The conclusion of SUNCAT’s January 2017 paper, Electrochemical Ammonia Synthesis — The Selectivity Challenge, was that four strategies were available to overcome this challenge. Sadly, none were perfect: they all added system complexity and achieved greater selectivity by limiting the rates of proton or electron transfer.

Now, however, instead of designing a new catalyst for ammonia synthesis, SUNCAT’s latest research defines a new strategy for ammonia synthesis.

Instead of requiring the catalyst to have good selectivity, this new approach splits the ammonia synthesis reaction into a series of three separate reactions, each a phase in a cycle of reactions using lithium. With each phase of the cycle occurring separately (‘stepwise’), the selectivity question becomes moot.

Whereas traditional aqueous electrochemical approaches are typically dominated by the hydrogen evolution reaction (HER), we are able to circumvent the HER by using a stepwise approach which separates the reduction of N2 from subsequent protonation to NH3, thus our synthesis method is predominantly selective for ammonia production.
Nørskov et al, Ammonia synthesis from N2 and H2O using a lithium cycling electrification strategy at atmospheric pressure, Energy & Environmental Science, July 2017

This lithium cycle has three separate stages.

Click to enlarge. Nørskov et al, Ammonia synthesis from N2 and H2O using a lithium cycling electrification strategy at atmospheric pressure, Energy & Environmental Science, July 2017
First, electrolysis of LiOH (molten salt) produces lithium (Li). Second, direct nitridation of lithium produces Li3N. And third, the exothermic release of ammonia from Li3N produces NH3 and LiOH, which – once the NH3 is removed – completes the cycle.

Each stage of this process takes place at atmospheric pressure and “reasonable” temperature, using inputs of just nitrogen (N2) and water (H2O).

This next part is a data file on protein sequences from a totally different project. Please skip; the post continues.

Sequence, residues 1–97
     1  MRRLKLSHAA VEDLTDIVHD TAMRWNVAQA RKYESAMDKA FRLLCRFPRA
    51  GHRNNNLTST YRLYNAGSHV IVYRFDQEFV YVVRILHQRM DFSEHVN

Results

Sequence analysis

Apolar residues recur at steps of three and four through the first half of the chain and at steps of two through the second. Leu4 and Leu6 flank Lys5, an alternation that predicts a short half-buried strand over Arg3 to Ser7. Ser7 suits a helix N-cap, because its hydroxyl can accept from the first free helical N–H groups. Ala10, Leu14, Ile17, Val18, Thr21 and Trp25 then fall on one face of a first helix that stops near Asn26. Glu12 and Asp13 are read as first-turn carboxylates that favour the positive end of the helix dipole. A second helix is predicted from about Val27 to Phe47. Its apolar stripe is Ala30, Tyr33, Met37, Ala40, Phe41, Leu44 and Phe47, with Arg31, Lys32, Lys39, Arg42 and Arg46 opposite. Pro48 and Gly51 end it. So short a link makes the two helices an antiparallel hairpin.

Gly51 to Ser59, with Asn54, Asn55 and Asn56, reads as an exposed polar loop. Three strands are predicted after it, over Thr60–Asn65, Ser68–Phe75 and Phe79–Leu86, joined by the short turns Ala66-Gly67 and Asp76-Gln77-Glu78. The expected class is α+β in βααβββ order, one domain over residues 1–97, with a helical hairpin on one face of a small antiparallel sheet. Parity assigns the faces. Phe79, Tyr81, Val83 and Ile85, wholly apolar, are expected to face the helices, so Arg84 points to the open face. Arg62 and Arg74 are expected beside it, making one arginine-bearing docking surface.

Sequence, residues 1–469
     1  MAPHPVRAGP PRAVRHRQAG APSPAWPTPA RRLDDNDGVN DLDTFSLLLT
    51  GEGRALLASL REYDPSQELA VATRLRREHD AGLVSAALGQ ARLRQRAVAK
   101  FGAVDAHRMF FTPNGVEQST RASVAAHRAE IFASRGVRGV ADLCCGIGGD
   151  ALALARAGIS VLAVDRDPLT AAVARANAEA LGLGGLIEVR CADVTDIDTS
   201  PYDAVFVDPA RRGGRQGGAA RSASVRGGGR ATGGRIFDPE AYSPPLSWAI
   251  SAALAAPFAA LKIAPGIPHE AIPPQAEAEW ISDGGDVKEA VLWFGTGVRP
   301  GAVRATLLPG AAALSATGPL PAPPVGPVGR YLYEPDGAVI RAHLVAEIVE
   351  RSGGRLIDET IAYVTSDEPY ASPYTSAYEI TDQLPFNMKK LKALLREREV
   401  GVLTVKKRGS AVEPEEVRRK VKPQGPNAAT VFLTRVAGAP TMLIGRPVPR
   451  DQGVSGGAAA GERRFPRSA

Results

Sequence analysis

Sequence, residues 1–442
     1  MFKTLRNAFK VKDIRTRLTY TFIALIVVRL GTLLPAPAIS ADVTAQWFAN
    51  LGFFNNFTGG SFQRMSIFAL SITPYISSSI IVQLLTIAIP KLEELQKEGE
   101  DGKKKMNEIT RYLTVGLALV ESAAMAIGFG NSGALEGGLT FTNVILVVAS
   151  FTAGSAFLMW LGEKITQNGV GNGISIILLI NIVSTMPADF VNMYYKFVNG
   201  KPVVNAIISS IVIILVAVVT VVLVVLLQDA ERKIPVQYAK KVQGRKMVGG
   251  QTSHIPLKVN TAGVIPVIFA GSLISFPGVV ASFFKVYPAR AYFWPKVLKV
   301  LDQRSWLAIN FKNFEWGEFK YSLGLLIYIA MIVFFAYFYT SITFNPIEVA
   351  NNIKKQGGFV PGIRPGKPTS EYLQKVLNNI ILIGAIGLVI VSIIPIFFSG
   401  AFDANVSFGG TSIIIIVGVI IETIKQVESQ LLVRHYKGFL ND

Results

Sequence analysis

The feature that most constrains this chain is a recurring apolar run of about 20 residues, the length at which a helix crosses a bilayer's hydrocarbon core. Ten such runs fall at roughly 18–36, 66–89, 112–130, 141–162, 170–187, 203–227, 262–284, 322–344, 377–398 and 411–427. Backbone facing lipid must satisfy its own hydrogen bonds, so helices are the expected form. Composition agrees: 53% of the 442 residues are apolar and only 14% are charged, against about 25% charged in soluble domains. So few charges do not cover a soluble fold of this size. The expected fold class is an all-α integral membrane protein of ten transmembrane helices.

Crucially, the results are orders of magnitude more efficient than other electrochemical ammonia technologies: “while approaching industrial level electrolytic current densities, we report an initial current efficiency of 88.5% toward ammonia production.”

“The fact that lithium binds nitrogen so strongly simply means that you pull down the barrier for nitrogen dissociation enough that you can do it at room temperature. So if you can make lithium, then you can also make lithium nitride …

“The trick in the process is to not do this in an environment where there is hydrogen present.”
Jens Nørskov quoted in Chemistry World: Lithium could hold key to sustainable ammonia synthesis, 07/18/2017

More research and ongoing funding will be required to move the technology forward. Nonetheless, this latest paper presents a road-map for development:

Theoretical analysis suggests that, based on this generalized strategy, other metal systems may continue to improve upon the metrics of efficient electrochemical ammonia production, opening up a new avenue of research to explore. While we have depicted a step-wise reaction scheme to effectively introduce and demonstrate the lithium reaction cycle, a continuous process in a compartmentalized device would be beneficial for implementation. Initial techno-economic electricity cost analysis and energy input considerations for this process reveal promise for suitable markets, especially considering the advantages of this process which can use renewable resources, mitigate CO2 emissions, and be readily de-centralized compared to conventional, centralized ammonia synthesis.
Nørskov et al, Ammonia synthesis from N2 and H2O using a lithium cycling electrification strategy at atmospheric pressure, Energy & Environmental Science, July 2017